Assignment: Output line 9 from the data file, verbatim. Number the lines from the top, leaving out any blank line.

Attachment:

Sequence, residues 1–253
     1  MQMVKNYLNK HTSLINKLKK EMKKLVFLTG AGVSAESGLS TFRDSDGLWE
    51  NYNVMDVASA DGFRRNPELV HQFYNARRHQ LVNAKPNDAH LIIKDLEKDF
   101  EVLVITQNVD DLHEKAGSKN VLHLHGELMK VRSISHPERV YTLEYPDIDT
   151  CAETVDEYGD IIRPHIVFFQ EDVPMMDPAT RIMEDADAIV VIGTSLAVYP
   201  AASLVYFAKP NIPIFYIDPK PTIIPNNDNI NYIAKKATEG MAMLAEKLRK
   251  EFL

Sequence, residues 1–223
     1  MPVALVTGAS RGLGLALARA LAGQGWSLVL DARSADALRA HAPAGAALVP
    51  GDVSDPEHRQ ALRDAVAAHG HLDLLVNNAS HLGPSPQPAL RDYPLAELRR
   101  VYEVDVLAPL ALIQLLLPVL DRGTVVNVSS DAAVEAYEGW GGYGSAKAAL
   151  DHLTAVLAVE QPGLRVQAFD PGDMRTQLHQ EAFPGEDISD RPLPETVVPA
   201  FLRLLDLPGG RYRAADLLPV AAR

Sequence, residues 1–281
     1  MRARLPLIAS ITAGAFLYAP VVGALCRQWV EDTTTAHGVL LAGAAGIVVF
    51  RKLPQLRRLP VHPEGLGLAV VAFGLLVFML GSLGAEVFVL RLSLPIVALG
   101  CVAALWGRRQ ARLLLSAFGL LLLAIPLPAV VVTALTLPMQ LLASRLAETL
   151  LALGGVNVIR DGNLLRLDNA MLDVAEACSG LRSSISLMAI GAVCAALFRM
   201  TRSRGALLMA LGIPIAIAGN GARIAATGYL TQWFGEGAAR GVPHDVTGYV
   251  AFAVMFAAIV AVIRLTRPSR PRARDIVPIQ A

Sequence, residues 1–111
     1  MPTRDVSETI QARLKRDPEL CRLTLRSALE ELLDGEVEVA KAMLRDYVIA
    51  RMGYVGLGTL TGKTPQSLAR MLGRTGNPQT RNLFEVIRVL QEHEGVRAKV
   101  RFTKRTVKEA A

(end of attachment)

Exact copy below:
     1  MPVALVTGAS RGLGLALARA LAGQGWSLVL DARSADALRA HAPAGAALVP